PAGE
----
President Barack Obama has an offer for many undocumented immigrants brought to the United States as children. Since Aug. 15, the Department of Homeland Security has been letting them apply for work papers and a deportation reprieve under a policy called Deferred Action for Childhood Arrivals. But the department says it had received fewer than 180,000 complete applications as of Oct. 10. That represents a small fraction of the 950,000 immigrants that, according to a Pew Hispanic Center estimate, could qualify immediately for the deferred action.
That got me wondering: What would keep people from applying? I’m hearing about immigrants having trouble gathering documents to prove their eligibility. I’m hearing about struggles to find affordable legal advice and scrape up the $465 application fee. But there’s another factor: fear. Many immigrants are wondering how long the policy will remain in place and whether the application information will be used for immigration enforcement. Some are also wondering whether they can count on the Obama administration, which has deported people in record numbers.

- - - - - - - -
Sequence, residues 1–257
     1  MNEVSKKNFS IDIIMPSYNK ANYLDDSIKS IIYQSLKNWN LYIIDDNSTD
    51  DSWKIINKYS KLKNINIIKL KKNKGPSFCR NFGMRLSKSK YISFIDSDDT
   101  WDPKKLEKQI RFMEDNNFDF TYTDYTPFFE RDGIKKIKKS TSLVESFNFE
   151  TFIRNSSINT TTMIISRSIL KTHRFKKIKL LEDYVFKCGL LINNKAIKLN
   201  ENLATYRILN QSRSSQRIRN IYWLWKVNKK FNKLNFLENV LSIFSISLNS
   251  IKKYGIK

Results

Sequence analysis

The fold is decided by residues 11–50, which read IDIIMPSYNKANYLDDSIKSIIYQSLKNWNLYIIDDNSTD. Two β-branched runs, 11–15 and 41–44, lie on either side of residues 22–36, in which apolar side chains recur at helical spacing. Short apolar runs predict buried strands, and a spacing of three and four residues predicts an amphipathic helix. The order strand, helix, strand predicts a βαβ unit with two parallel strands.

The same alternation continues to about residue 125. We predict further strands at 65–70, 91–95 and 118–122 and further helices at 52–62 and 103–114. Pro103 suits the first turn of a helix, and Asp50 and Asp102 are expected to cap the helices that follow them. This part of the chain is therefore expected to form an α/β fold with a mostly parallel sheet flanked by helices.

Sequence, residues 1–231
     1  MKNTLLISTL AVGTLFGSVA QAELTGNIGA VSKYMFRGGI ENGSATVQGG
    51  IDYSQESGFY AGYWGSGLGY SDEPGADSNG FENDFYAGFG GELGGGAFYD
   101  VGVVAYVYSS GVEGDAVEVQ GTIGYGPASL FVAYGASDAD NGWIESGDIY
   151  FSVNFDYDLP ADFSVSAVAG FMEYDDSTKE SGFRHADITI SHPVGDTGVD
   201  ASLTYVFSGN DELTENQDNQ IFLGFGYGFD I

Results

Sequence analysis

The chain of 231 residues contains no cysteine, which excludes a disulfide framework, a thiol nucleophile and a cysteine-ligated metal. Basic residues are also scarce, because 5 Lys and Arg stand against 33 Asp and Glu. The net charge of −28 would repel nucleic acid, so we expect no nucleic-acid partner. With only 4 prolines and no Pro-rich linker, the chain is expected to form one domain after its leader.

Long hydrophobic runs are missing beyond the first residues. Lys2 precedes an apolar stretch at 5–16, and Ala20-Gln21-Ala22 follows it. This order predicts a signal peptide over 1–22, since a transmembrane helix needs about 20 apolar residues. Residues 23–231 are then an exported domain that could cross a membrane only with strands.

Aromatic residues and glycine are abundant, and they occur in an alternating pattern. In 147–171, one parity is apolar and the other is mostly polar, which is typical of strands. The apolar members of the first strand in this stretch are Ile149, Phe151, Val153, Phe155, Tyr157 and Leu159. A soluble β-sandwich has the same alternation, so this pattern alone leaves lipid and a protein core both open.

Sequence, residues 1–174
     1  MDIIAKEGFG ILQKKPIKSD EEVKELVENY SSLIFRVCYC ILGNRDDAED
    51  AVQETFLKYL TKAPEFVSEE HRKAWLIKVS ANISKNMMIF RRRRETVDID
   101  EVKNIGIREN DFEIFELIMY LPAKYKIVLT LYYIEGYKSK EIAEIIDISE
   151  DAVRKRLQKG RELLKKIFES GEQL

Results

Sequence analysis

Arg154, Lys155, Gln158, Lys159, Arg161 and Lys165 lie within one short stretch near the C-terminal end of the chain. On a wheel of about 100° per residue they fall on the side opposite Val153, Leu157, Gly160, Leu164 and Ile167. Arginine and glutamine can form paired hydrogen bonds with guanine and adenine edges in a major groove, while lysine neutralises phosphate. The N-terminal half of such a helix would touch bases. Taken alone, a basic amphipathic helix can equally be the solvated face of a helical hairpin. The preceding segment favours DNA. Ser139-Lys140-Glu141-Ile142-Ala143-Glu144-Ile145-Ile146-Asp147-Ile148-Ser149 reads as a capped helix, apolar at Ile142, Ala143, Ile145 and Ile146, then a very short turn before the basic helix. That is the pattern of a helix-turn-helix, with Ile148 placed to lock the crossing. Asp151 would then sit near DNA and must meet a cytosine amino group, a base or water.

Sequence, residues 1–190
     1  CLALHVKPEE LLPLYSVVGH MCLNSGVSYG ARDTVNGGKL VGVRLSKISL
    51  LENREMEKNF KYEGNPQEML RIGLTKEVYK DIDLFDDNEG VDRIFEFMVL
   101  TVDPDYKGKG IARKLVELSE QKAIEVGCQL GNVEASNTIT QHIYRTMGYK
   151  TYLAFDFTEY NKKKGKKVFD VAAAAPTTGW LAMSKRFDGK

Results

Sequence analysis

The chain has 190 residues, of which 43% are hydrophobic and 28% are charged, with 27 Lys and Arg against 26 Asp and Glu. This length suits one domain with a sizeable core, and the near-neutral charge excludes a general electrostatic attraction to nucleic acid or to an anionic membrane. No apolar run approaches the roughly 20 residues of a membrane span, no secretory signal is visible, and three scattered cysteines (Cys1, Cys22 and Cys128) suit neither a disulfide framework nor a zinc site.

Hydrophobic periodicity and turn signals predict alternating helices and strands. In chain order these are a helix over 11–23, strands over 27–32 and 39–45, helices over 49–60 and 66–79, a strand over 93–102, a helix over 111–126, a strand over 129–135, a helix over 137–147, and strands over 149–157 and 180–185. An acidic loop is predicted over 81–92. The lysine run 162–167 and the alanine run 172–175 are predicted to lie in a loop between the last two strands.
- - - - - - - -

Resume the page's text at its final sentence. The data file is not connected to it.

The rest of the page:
I found a pair of young roommates bound up in these questions. Both women have immigrant parents. Both grew up in Chicago. And both are college sophomores. But just one has papers to be in the United States. That woman, a U.S. citizen, wants to convince her undocumented roommate to take up Obama’s offer and send in the application. Their story revolves around trust, immigration status and who will have a future in the United States.
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